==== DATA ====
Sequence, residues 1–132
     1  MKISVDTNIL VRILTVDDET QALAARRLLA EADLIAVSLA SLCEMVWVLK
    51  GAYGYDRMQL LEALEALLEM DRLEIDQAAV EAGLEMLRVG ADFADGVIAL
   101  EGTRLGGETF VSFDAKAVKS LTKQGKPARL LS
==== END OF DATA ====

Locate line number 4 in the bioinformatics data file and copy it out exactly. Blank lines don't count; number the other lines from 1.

   101  EGTRLGGETF VSFDAKAVKS LTKQGKPARL LS